Brief description about Electrochemical Cells and Reactions.
In electrochemical systems, we are concerned with the processes and factors that affect
the transport of charge across the interface between chemical phases, for example, between
an electronic conductor (an electrode) and an ionic conductor (an electrolyte).
Throughout this book, we will be concerned with the electrode/electrolyte interface and
the events that occur there when an electric potential is applied and current passes. Charge
is transported through the electrode by the movement of electrons (and holes). Typical
electrode materials include solid metals (e.g., Pt, Au), liquid metals (Hg, amalgams), carbon
(graphite), and semiconductors (indium-tin oxide, Si). In the electrolyte phase,
charge is carried by the movement of ions. The most frequently used electrolytes are liquid
solutions containing ionic species, such as, H+, Na+, Cl~, in either water or a nonaqueous
solvent. To be useful in an electrochemical cell, the solvent/electrolyte system
must be of sufficiently low resistance (i.e., sufficiently conductive) for the electrochemical
experiment envisioned. Less conventional electrolytes include fused salts (e.g., molten
NaCl-KCl eutectic) and ionically conductive polymers (e.g., Nation, polyethylene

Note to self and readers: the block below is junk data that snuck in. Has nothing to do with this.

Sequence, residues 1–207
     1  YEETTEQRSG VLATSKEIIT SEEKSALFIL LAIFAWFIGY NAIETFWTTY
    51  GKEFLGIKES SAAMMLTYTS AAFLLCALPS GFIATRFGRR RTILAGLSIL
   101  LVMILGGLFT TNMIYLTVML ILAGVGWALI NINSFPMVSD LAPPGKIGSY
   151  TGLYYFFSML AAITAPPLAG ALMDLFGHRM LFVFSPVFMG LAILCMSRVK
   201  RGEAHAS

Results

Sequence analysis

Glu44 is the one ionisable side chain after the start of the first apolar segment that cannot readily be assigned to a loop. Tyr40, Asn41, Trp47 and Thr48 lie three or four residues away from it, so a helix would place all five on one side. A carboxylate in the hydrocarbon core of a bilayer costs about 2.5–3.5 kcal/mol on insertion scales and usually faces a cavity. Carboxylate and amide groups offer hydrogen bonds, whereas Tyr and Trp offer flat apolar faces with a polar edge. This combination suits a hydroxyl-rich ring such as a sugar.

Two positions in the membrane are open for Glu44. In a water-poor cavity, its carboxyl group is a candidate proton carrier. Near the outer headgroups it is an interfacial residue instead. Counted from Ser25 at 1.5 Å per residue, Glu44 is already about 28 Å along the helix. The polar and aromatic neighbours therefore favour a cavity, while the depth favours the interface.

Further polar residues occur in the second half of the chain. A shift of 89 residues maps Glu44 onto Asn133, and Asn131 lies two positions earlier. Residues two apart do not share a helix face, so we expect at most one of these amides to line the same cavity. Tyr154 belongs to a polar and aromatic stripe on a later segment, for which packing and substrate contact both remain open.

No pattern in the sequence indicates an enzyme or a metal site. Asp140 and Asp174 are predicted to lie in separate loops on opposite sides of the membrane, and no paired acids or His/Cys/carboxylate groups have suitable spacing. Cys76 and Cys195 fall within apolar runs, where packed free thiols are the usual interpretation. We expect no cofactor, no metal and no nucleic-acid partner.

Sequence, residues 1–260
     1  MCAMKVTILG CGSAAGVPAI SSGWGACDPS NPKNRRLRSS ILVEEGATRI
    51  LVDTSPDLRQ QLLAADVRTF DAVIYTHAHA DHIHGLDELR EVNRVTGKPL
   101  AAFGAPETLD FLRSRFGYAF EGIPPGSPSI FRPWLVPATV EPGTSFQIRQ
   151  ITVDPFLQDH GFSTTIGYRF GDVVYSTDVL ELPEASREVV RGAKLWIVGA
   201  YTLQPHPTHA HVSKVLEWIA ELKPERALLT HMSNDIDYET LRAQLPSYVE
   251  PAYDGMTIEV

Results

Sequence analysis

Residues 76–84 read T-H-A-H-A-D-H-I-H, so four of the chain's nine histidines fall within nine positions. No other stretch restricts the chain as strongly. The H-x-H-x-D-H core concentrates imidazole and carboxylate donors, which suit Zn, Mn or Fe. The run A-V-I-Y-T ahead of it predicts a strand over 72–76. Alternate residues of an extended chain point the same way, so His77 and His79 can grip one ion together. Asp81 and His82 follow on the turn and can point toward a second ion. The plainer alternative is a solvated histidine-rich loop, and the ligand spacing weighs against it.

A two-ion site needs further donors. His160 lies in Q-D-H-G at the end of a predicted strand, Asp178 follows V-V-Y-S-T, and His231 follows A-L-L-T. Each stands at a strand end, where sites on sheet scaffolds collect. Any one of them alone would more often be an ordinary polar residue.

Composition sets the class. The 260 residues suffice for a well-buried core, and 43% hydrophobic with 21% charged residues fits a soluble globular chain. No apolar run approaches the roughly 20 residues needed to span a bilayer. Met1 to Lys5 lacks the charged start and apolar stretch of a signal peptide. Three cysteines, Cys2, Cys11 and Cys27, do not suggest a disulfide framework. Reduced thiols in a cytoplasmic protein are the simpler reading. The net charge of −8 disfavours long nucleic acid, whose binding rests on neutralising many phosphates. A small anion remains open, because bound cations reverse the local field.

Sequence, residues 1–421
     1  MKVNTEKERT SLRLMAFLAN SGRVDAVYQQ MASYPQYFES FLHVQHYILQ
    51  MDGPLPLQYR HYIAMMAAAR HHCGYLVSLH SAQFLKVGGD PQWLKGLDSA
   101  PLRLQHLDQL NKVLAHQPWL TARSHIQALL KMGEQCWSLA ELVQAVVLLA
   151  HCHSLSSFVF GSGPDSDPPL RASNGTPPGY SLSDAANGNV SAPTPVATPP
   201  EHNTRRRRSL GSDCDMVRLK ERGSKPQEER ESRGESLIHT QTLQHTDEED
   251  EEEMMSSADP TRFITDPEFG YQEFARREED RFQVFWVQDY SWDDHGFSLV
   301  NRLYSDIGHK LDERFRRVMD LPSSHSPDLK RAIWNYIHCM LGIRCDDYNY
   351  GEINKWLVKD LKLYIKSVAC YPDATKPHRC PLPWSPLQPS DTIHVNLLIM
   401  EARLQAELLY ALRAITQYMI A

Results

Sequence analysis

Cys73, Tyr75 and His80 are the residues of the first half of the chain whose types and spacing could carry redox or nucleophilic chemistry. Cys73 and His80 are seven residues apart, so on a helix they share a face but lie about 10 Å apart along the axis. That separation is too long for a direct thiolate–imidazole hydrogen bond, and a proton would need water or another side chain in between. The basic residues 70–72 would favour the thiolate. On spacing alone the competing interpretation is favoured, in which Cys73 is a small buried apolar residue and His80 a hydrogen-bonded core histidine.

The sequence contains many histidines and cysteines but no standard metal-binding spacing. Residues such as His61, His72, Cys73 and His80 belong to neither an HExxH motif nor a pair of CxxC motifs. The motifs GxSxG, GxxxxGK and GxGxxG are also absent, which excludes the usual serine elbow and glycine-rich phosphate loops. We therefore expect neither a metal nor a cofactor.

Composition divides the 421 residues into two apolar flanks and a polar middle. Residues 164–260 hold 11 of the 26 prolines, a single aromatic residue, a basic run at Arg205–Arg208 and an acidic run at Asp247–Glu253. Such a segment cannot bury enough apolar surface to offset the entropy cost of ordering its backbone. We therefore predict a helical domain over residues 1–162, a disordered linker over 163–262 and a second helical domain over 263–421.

oxide-LiClO4). Solid electrolytes also exist (e.g., sodium j8-alumina, where charge is carried
by mobile sodium ions that move between the aluminum oxide sheets).
It is natural to think about events at a single interface, but we will find that one cannot
deal experimentally with such an isolated boundary. Instead, one must study the properties
of collections of interfaces called electrochemical cells. These systems are defined
most generally as two electrodes separated by at least one electrolyte phase.
In general, a difference in electric potential can be measured between the electrodes in
an electrochemical cell. Typically this is done with a high impedance voltmeter. This cell
potential, measured in volts (V), where 1 V = 1 joule/coulomb (J/C), is a measure of the
energy available to drive charge externally between the electrodes. It is a manifestation of
the collected differences in electric potential between all of the various phases in the cell.
We will find in Chapter 2 that the transition in electric potential in crossing from one conducting
phase to another usually occurs almost entirely at the interface. The sharpness of
the transition implies that a very high electric field exists at the interface, and one can expect
it to exert effects on the behavior of charge carriers (electrons or ions) in the interfacial
region. Also, the magnitude of the potential difference at an interface affects the
relative energies of the carriers in the two phases; hence it controls the direction and
the rate of charge transfer. Thus, the measurement and control of cell potential is one of the
most important aspects of experimental electrochemistry.